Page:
Genpact: Supply chain insights from the world of Formula E
Imagine a competitive field where a complete business cycle plays out in just 45 minutes. Where energy is scarce and dwindling, weather is a constant threat, competitors can literally squeeze you out of contention by just a few centimetres, and strategy is everything. That’s a typical day at the office for Envision Virgin Racing, one of the teams in the world’s first and only all-electric international motorsport, the FIA Formula E Championship.
Now, picture all of these factors, and others, on a global business stage. Natural disasters and geopolitical events can cause notable disruptions to even the best business strategies. Supply chain advantages can quickly shift into disadvantages that operators must overcome to maintain their place in a competitive market.
The need to quickly identify and assess shifting circumstances and make data-driven decisions are challenges that both Envision Virgin Racing and global businesses contend with on a regular basis. Of course, not every organisation makes decisions at 170mph while barrelling down the streets of Hong Kong or Paris. But against intense global competition and stretching customer expectations, every business decision needs to consider the end-to-end implications. Improving your place in the race depends on more than smart transactional execution – it depends on finding insights that can shift the entire approach.
The cognitive supply chain
In recent decades, businesses have initiated supply chain improvements by focusing on transactional excellence. Companies have streamlined internal processes on a static cycle often tied to daily metrics. After shaving internal inefficiencies as finely as possible, they worked to reduce friction in the handoff to the next partner, and so on down the line. While these transactional optimisations deliver tangible results, they can only be repeated so many times until the effort required dwarfs the return. But now the prevalence of AI is creating opportunities to look beyond these improvements for competitive advantages.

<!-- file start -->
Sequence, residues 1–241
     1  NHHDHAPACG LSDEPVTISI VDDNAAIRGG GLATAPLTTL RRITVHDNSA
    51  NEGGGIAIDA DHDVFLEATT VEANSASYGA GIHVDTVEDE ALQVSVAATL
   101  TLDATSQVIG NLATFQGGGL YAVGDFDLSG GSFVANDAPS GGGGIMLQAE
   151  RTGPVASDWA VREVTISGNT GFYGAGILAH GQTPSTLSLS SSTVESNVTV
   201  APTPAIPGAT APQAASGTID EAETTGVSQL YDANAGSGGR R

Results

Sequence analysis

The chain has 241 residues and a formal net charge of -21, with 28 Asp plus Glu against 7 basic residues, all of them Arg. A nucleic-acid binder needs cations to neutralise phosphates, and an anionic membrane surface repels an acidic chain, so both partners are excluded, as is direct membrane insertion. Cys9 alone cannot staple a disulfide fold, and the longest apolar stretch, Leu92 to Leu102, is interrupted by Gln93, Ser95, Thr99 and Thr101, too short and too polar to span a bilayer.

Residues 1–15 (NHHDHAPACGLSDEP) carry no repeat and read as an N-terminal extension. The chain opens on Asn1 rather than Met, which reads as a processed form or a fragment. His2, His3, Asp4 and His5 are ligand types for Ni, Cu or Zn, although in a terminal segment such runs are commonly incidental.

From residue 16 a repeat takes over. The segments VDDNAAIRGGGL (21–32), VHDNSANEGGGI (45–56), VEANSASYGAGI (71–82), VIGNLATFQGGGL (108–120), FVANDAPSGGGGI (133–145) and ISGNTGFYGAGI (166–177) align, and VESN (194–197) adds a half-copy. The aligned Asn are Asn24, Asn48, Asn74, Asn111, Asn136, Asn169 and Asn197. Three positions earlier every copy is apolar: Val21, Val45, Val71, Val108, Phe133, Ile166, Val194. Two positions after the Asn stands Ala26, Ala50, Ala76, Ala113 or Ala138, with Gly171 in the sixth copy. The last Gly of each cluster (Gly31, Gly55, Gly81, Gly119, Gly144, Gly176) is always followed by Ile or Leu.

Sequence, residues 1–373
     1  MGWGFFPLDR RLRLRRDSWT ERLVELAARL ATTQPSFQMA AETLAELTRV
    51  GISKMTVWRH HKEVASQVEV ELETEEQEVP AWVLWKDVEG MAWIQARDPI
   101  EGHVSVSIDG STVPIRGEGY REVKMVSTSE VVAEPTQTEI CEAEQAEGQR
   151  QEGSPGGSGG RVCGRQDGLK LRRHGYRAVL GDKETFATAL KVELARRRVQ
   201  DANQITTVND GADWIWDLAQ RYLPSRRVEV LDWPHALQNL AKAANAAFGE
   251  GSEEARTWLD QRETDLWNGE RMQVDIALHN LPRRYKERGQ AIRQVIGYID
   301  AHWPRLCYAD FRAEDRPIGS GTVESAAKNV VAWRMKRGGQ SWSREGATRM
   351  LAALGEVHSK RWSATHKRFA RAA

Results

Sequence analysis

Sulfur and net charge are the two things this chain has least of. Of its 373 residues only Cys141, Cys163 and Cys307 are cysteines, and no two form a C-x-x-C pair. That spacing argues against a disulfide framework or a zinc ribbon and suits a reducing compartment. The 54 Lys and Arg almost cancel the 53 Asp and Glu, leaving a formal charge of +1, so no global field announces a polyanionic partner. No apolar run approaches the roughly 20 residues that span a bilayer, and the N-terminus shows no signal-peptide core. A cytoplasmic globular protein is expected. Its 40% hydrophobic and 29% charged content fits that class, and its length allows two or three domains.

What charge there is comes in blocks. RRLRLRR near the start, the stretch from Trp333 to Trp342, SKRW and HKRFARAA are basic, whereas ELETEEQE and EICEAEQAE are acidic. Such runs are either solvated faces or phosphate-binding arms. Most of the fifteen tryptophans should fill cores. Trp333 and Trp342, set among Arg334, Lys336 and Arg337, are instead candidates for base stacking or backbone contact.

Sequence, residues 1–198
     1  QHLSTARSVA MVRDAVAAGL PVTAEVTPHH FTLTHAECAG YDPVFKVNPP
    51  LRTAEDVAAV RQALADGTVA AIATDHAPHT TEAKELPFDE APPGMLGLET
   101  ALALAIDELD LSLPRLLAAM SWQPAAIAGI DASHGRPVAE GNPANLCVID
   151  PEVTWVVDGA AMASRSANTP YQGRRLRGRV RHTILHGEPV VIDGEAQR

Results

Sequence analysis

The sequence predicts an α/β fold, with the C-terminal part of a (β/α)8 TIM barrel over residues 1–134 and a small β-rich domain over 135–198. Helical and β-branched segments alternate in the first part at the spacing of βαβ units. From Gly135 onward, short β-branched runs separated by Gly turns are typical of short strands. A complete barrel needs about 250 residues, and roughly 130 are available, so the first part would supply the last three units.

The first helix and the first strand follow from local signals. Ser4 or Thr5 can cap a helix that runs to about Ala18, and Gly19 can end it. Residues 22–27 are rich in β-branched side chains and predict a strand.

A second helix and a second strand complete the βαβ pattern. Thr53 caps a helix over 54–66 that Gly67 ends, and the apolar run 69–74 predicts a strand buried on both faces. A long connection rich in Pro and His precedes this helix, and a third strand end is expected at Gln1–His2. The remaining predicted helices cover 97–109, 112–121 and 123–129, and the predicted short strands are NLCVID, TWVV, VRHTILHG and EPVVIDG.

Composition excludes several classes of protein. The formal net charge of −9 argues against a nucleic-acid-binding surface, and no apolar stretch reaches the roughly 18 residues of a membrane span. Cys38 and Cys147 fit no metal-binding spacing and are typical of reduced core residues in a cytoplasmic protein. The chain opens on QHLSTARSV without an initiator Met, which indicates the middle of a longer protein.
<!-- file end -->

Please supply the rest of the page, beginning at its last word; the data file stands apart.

Looking at the broader picture for potential strategic advantages is also key to Formula E racing. Using its AI-based Lap Estimate Optimizer (LEO), a scenario engine that analyses weather, track conditions, and driver positions, Genpact helps Envision Virgin Racing better predict the number of laps in a race. This not only helps the team decide how hard to push to protect a position or when to overtake a competitor, it allows it to improve its strategies race to race. The focus shifts from analysing the previous race for minute improvements to predicting approaches and outcomes across future races.
The evolution of these digital technologies is also enhancing prediction in supply chains. With an influx of data, cognitive supply chains are emerging, shifting the focus away from narrow transactions towards a bigger growth agenda. By capturing, storing, processing, and sharing relevant data across partners, demand is clearer, planning more accurate, inventory leaner, and disruptions more easily avoided. The same types of advanced algorithms used by Envision Virgin Racing can generate far more accurate forecasting models in supply chains, including balancing inventory levels against demand volatility and customer service agreements. Anticipation, rather than reaction, becomes the norm.
Finding advantages hidden in plain sight
Businesses sit on a mountain of structured and unstructured data – and trying to manually identify meaningful data and insights is akin to finding a needle in the proverbial haystack. How companies use data and advanced analytics to generate meaningful insights can make a tremendous difference.
For instance, we realized that Formula E teams have access to GPS data showing drivers’ locations during each race, but teams were not optimizing this noisy dataset. By carefully cleaning and filtering the data, we found that it provides valuable insights into driver tendencies, such as patterns in acceleration and braking, and the impact of in-race hazards. And because the emphasis is on overall outcomes, these insights now feed into race strategy to maximize the drivers’ and team’s points in the championship.
These small breakthroughs can translate into much bigger wins for global supply chains. In the food and beverage industry, Genpact works with a European manufacturer to cut down on micro-stoppages in production – those of 30 minutes or less. Individually, the impact from each micro-stoppage is minor, and at a distance it would be easy to shrug them off as an unavoidable inefficiency. But, working to find the insights to stave off these interruptions pays off in aggregate, because they cost each manufacturing facility over $1.6mn in labour cost, materials, and lost revenue. Scaled across every factory in the business, the total savings potential for cutting out micro-stoppages is more than $150mn.